## Light Message Authentication Code (LightMAC)

### Introduction

A Message Authentication Code (MAC) enables two parties using a shared secret key to authenticate messages exchanged between them. Some MACs are constructed from cryptographic hash algorithms like SHA-3 or BLAKE2 while others are constructed from block ciphers. LightMAC is a MAC mode for block ciphers. It was designed by Atul Luykx, Bart Preneel, Elmar Tischhauser, Kan Yasuda and published in 2016. LightMAC is incredibly simple to implement, but does not compromise on security or performance. It is ideal for resource constrained environments and also where high performance is required.

$\begin{array}{l} \\\hline \textbf{Algorithm 1: }\text{LightMAC} _{K_1,K_2}(M) \\\hline \quad\textbf{Input: } K_1, K_2\in \{0, 1\}^k,\: M\in \{0,1\}^{\leq 2^s(n-s)}\\ \quad\textbf{Output: } T\in\{0, 1\}^t\\ \textbf{\scriptsize{1}}\;\; V\leftarrow 0^n\in\{0, 1\}^n\\ \textbf{\scriptsize{2}}\;\; M[1]M[2]\cdots M[\ell]\xleftarrow{n-s}M\\ \textbf{\scriptsize{3}}\;\; \textbf{for } i = 1\textbf{ to } \ell - 1\textbf{ do}\\ \textbf{\scriptsize{4}}\;\; \mid V\leftarrow V\oplus E_{K_1}(i_s M[i])\\ \textbf{\scriptsize{5}}\;\; \textbf{end}\\ \textbf{\scriptsize{6}}\;\; V\leftarrow V\oplus (M[\ell]10^\ast)\\ \textbf{\scriptsize{7}}\;\; T\leftarrow \lfloor E_{K_2}(V)\rfloor_t\\ \textbf{\scriptsize{8}}\;\; \textbf{return } T \\\hline \end{array}$

The following list describes some of the symbols used above.

• Cipher
• $E$ should be a cipher with a block size of at least 64-bits.

• Block length.
• $n$ denotes the block length in bytes. PRESENT supports 64-bits, AES supports 128-bits.

• Key length.
• $K_1, K_2$ denote two 128-bit keys if using PRESENT-128 or AES-128.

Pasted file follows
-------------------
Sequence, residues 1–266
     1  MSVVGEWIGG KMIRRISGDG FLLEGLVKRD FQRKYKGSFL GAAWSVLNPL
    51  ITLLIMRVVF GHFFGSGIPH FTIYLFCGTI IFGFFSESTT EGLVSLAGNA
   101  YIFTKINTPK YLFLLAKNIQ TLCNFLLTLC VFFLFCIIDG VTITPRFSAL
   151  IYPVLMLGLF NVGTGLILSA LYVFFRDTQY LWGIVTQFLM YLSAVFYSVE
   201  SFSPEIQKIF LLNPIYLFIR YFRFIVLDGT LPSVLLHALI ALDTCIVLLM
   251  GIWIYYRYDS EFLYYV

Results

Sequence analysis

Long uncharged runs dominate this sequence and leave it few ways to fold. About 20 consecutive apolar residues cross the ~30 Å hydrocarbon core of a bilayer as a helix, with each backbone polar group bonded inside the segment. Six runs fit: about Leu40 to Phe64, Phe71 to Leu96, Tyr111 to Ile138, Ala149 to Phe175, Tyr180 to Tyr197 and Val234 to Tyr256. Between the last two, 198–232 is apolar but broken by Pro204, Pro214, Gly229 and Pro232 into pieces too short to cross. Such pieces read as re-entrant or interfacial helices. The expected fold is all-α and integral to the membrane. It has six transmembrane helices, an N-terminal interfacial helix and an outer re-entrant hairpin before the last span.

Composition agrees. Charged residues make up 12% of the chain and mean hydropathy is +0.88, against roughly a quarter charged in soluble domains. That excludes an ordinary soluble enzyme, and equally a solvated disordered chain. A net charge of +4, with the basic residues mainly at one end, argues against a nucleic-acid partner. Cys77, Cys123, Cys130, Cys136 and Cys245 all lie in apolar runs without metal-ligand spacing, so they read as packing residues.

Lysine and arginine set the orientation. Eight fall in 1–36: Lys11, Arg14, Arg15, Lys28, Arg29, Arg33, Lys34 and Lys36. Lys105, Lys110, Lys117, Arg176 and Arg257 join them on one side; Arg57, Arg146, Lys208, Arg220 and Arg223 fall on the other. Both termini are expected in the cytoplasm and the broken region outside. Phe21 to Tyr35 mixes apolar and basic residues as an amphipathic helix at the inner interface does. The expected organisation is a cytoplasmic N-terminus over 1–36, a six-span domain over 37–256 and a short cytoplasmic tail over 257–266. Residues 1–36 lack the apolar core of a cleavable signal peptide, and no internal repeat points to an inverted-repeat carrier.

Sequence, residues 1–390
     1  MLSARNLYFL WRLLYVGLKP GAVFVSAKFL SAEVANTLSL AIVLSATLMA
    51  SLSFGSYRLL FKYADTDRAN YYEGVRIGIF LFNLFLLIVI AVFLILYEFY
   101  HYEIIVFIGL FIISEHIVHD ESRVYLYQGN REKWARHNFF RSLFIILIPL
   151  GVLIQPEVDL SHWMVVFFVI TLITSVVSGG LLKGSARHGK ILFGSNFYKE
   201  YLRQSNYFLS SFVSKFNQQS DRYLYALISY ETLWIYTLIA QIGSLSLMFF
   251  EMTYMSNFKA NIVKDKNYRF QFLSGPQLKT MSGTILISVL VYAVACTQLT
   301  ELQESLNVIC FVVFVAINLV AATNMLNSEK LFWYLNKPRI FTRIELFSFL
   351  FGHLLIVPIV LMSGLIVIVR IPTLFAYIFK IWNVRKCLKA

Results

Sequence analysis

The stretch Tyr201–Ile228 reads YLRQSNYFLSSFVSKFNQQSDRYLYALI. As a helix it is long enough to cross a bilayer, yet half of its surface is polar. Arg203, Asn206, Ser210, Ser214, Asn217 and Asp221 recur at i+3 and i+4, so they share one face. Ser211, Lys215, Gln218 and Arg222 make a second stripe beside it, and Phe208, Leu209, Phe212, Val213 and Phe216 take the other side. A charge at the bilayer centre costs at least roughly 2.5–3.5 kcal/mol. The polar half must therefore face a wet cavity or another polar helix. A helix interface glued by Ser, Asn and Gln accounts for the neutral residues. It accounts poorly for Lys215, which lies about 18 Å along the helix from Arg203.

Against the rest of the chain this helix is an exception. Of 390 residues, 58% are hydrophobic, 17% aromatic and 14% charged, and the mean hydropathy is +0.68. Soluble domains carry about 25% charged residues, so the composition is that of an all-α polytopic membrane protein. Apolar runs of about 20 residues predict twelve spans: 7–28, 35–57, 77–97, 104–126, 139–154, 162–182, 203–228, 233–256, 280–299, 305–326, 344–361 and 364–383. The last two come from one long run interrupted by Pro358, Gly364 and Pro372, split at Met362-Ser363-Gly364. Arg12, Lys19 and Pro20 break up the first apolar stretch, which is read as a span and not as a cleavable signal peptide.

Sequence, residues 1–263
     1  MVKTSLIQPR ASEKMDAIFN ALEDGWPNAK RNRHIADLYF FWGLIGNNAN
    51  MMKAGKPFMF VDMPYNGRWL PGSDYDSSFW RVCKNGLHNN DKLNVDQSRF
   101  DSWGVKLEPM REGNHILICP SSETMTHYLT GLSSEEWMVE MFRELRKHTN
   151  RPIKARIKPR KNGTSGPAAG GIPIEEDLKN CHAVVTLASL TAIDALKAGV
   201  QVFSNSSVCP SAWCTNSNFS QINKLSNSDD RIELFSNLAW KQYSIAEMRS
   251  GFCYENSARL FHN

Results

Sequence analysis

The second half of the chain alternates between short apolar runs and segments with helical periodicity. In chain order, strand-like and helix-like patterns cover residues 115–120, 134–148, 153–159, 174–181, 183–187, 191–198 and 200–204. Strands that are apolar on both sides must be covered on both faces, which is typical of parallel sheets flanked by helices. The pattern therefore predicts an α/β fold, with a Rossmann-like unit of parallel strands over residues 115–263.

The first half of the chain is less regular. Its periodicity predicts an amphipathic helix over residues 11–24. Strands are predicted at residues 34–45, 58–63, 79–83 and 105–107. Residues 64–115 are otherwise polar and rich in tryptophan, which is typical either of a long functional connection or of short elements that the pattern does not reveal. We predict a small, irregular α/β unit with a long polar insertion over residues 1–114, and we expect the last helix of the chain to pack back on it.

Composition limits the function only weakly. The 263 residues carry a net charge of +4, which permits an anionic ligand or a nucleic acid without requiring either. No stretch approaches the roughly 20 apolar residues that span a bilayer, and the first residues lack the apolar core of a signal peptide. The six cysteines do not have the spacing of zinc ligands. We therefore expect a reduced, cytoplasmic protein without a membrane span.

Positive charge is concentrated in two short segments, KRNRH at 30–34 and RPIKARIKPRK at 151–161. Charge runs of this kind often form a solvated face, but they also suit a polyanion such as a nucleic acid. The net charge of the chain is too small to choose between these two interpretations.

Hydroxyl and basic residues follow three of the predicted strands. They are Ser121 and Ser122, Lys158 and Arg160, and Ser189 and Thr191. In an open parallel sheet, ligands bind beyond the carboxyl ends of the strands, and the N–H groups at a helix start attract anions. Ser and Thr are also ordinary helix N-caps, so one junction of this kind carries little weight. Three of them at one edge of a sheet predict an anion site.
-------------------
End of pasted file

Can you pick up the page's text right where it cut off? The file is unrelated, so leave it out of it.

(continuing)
• Protected counter sum.
• $s$ denotes a counter between 8 and 64-bits in size, but should not exceed $n/2$.

• Message
• $M$ denotes a message with a length not exceeding $2^{s}(n-s)$

• Tag
• $T$ denotes a tag of at least 64-bits and not exceeding $n$.

• Variable
• $V$ is an intermediate/local variable initialized to zero and used to temporarily store the tag of $n$ bytes.

If we use the block cipher PRESENT-64/128 as an example, $K_1, K_2$ would be two 128-bit keys. If $s$ is a 1 byte counter and $n$ is 8-byte block size, our message should not exceed $2^{8}(8-1)$ or 1,792 bytes. This would be sufficient for authenticating small network packets. It also allows us to use the same encryption algorithm that might be used in Counter (CTR) mode, thus significantly reducing the overall amount of ROM required. The following table shows some example parameters, including PRESENT-64/128.

Cipher (E) Block Length (N) Cipher Key Length MAC Key Length (K) Counter Length (S) Tag Length (T) Max Message
PRESENT 64-bits 128-bits 256-bits 8-bits 64-bits 1,792 bytes
SPECK 64-bits 128-bits 256-bits 8-bits 64-bits 1,792 bytes
AES 128-bits 128-bits 256-bits 32-bits 128-bits 48 GB

### Compact code

The value of MSG_LEN is $(n - s)$.

void lightmac(void *data, u32 len, void *tag, void *key) {
int  i;
u8   m[BLK_LEN], v[TAG_LEN];
u8   *t=(u8*)tag, *k=(u8*)key, *p=(u8*)data;

union {
u8  b[8];
u64 q;
} s;

// 1. zero initialize V
for(i=0;i<TAG_LEN;i++) v[i] = 0;

// 2. set protected counter sum to 1
s.q = 1;

// 3. while we have blocks of data equal to (n - s)
while (len >= MSG_LEN) {
// 4. add counter s to M in big endian byte order
for(i=0;i<CTR_LEN;i++) {
m[CTR_LEN-i-1] = s.b[i];
}
// 5. add data to M
for(i=0;i<MSG_LEN;i++) {
m[CTR_LEN+i] = p[i];
}
// 6. encrypt M with K1
ENC(k, m);
// 7. update V
for(i=0;i<TAG_LEN;i++) v[i] ^= m[i];
// 8. decrease length and advance data pointer
len -= MSG_LEN;
p += MSG_LEN;
// 9. update counter
s.q++;
}
// 10. absorb any data less than (n - s)
for(i=0;i<len;i++) v[i] ^= p[i];